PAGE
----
Monday, June 20, 2011

The First of Many Goodbye's

Leaving Athlone was really sad. Considering it was only our first stop, I'm sensing it's a sign of things to come. On our final day we started slow, and didn't leave the house until late morning. We went to Suede Bar for a very Irish carvery lunch with Joanie, wandered down the The Strand along the river just long enough to settle our food and then started all over again, going into the Olive Grove for mid afternoon desserts and coffee overlooking the water. We went home only briefly before taking in a final pint at Seans Bar with Joanie and Bennie.

True to form, Courts was still drinking 15 minutes before a taxi was due at home to take us to the bus stop. Despite suggesting that I go home to pack and he would catch up (not a chance - I packed most of our stuff that morning but damned if I was finishing up while he was having fun) he drank it down and we were ready just in time for the taxi.

We were only in Athlone a week but I felt homesick for it the second we left. It's a long time since we've seen Jonaie and it will be a long time before we do again. Bennie and herself showed us so much kind Irish hospitality that we couldn't have possibly felt more welcome. Joanie had worried we would be bored watching DVDs and TV at night but truthfully we loved it. For myself, at home if DVDs or TV are on, I'm simultaneously blogging or doing nails or planning our trip or cooking dinner. It's a rare occasion that I watch the telly without a single other thing on my mind. Aside from that, after a long day exploring, a quiet opportunity to relax and snuggle into a blanket was very welcome. 

We were so successfully made to feel welcome that after we arrived in Dublin, set our things down at the hostel and found Eddie Rockets for the first of several awesome meals there, I was homesick for Athlone. The sweet smell that greeted us whenever we entered the house, the big black nose of Jimmy the dog peering over the staircase, leaving our backpack in our room and taking our blanket to the lounge, making a hot chocolate and settling on the couch for the night. Small actions that combined to make a routine, which in turn made Athlone home.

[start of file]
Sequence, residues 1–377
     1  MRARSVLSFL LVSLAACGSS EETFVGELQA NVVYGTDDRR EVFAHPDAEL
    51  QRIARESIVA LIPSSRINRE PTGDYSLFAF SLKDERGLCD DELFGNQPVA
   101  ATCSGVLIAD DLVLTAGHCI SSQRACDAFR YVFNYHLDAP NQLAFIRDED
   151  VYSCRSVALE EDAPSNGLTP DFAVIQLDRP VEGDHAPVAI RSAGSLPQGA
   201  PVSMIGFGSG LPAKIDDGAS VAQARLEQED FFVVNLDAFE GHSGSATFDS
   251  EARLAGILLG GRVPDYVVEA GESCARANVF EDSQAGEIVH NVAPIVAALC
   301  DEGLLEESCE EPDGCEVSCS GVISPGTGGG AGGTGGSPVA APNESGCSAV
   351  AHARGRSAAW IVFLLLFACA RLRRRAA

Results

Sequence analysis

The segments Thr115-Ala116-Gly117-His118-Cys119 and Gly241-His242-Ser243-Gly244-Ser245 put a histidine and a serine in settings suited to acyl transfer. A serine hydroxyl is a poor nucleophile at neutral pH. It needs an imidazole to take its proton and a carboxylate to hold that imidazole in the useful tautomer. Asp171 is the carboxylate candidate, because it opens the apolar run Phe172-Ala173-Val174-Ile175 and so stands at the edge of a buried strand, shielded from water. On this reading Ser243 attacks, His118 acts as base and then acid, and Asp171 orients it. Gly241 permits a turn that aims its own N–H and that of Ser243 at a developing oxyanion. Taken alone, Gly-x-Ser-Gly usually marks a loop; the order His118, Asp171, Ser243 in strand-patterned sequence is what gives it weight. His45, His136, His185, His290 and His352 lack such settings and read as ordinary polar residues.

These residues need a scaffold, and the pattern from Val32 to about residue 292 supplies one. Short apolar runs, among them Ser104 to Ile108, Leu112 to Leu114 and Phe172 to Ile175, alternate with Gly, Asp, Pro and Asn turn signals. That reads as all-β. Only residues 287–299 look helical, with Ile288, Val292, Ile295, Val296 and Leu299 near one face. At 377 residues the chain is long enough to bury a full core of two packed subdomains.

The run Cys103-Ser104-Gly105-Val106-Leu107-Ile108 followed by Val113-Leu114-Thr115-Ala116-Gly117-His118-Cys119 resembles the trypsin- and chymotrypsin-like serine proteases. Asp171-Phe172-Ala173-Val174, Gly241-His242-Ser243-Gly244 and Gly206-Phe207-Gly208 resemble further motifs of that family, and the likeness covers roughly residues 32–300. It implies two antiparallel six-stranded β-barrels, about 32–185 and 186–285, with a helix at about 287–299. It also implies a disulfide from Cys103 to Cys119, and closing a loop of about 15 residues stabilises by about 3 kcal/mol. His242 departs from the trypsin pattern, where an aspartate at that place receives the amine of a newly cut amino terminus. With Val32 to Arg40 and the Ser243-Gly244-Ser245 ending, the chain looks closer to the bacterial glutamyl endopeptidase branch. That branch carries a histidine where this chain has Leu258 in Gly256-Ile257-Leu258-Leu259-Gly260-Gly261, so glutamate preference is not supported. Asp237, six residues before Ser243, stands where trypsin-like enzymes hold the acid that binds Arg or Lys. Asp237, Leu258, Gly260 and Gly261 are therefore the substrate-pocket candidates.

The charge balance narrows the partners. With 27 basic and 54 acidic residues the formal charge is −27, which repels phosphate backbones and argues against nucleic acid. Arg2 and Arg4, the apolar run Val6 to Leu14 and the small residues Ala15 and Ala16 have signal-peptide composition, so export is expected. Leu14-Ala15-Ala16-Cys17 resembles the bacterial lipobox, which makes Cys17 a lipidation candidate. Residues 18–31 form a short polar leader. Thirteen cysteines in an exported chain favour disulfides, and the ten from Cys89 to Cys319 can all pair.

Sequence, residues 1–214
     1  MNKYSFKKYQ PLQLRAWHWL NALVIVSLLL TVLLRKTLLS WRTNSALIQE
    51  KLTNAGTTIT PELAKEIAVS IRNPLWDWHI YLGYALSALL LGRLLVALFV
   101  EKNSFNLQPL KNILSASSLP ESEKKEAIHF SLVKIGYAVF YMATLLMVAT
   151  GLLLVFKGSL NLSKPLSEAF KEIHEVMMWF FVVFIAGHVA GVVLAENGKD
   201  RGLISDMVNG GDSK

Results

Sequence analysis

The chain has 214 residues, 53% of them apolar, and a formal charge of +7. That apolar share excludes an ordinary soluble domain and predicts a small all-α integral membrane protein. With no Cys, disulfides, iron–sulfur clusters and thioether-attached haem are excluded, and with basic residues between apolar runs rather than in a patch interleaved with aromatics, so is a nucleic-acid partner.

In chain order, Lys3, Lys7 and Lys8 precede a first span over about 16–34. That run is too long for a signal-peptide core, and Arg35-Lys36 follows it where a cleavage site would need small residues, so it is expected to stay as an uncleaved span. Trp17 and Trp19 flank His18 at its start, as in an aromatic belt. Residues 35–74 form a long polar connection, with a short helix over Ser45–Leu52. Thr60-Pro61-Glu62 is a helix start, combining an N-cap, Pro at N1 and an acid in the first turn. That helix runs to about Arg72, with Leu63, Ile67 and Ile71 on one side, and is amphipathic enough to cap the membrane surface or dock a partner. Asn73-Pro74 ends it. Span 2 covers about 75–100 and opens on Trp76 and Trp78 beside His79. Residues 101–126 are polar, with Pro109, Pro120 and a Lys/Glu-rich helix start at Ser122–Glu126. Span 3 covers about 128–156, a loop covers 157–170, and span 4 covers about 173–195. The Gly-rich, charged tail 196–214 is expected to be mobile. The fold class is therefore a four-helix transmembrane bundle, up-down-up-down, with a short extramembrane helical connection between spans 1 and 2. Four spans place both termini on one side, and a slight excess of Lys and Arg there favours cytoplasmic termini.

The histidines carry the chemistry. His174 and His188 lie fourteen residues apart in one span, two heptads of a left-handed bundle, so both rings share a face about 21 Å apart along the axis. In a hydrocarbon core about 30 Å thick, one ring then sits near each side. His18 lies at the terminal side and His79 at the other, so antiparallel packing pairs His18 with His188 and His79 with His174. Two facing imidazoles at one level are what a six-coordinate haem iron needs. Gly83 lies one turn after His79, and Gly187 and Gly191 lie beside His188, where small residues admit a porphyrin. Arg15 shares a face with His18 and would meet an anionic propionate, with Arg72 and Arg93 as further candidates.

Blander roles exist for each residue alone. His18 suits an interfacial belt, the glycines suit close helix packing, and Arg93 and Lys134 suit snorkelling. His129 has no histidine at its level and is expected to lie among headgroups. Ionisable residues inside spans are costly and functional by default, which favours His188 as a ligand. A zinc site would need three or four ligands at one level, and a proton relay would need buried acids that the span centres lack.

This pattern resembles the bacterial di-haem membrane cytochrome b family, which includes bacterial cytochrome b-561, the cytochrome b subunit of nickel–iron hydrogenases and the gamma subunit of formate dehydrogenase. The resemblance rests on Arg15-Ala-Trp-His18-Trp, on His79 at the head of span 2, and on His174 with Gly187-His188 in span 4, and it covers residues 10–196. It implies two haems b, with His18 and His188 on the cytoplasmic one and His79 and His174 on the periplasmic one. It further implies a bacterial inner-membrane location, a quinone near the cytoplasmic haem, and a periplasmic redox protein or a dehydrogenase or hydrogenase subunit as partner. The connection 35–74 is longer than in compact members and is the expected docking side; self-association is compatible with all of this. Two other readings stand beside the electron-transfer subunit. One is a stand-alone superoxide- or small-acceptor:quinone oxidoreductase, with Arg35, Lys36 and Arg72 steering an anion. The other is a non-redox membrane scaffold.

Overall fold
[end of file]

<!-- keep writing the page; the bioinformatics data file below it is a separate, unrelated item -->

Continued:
Sitting in Eddie Rockets at 10pm eating garlic fries and burgers, our adventures of the day would have been made all the better if we could have returned home to Joanie and Bennie's house afterwards. Instead, we retreated to our single bed (we have bunks but chose to squish onto one) in a 16-bed hostel room. No pets or friends in sight. Ping pong balls fly past your head when you settle in to watch TV. 

So did Athlone meet our expectations? See what we thought we'd find here. It definitely is bigger than I first thought, but Old Athlone, where we were staying, still retains it's small-town charm. People at home complain of the recession - we honestly don't know how lucky we are. What I definitely didn't expect was to have the effects of the recession smack me in the face everywhere I turned - abandoned half-built houses, shops closed so quickly the chalk-written specials still decorate the wall, pubs closed so proudly they display 'Closed for Renovations' signs with no intentions of reopening. Locals in the street discuss their unemployment like it's the weather. Speaking of which, Athlone is cold. I knew their Summer wasn't as hot as ours, but I didn't realise it was genuinely cold there by our standards. The wind or at least a breeze blows constantly so warmth from the sun is filtered out. I feel the cold particularly easily, but still. 

I had it pretty right when I said it would be 'accommodating, polite, friendly, a little bit old fashioned, not shiny and new, more homely and comfortable' although I never anticipated just how old everything is. Courts said it better when he said he thought it would be 'really friendly, very green but with grey skies. Not terribly warm but filled with friendly beer drinking people'. That about hits it on the head.

Penelope_nz's Athlone photoset Penelope_nz's Athlone photoset